A Brazilian court on Tuesday agreed to end its blockage of the smartphone messaging service WhatsApp after suspending it for failing to surrender user data, the company said.
WhatsApp, owned by Facebook, appealed against the shutdown imposed on the company on Monday for not handing over information requested in a drug trafficking investigation.
The court rejected an initial appeal, but a second appeal was upheld, a spokesman for WhatsApp told AFP early on Tuesday afternoon.
“WhatsApp is now back online in Brazil!” Facebook co-founder and chief executive Mark Zuckerberg said in a post on his page at the leading online social network.
“Your voices have been heard once again. That said, the idea that everyone in Brazil can be denied the freedom to communicate the way they want is very scary in a democracy.”
The shutdown angered users reliant on the free app in Brazil, where cell phone fees for texting and calls are among the highest in the world.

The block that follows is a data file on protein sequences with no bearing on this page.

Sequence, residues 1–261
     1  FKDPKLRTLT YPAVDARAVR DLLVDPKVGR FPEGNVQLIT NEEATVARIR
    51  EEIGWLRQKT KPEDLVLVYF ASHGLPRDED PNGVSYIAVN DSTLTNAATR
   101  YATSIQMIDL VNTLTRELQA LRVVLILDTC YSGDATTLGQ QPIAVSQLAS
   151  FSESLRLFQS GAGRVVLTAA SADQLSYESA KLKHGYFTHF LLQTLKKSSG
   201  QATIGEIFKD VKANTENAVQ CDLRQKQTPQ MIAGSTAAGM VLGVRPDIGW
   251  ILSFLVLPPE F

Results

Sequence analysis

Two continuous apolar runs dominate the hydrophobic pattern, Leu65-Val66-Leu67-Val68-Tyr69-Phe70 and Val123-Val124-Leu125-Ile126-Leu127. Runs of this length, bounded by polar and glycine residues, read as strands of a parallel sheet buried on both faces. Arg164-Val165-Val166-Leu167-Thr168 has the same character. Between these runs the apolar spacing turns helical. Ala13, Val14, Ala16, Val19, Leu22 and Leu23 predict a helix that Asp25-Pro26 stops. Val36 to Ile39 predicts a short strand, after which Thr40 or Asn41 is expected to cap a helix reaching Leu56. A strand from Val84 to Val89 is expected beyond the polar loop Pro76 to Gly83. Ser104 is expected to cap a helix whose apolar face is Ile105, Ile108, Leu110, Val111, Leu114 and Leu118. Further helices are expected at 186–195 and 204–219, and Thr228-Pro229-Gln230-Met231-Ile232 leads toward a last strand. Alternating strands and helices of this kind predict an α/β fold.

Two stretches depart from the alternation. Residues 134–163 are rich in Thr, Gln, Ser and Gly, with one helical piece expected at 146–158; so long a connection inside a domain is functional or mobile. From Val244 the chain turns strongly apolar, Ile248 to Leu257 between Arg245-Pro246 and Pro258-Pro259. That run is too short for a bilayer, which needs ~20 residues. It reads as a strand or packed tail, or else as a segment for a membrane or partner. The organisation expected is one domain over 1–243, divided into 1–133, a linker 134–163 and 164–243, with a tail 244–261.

Zuckerberg encouraged WhatsApp users to make their voices heard at an Internet Freedom Caucus event in Brasilia on Wednesday that will focus on introducing laws to prevent such Internet services from being blocked in Brazil.
“You and your friends can help make sure this never happens again, and I hope you get involved,” Zuckerberg said.
Rejecting the first appeal, the court said in a statement that WhatsApp was “playing down the importance of an investigation into members of a criminal organization who use the application.”
It accused WhatsApp of “covering up the seriousness of the crime allegedly committed — drug trafficking — with the argument of defending users’ right to privacy.”
WhatsApp had insisted it was cooperating with the investigation. Facebook has said it has no technical means for complying with such requests.
The court order from Judge Marcel Montalvao in the northeastern town of Lagarto shut down WhatsApp from 2:00 pm (1700 GMT) on Monday, ordering the cut-off for 72 hours.
The free app is installed on nine in 10 smartphones in the country. The company says it has more than 100 million users in Brazil.
© 1994-2016 Agence France-Presse
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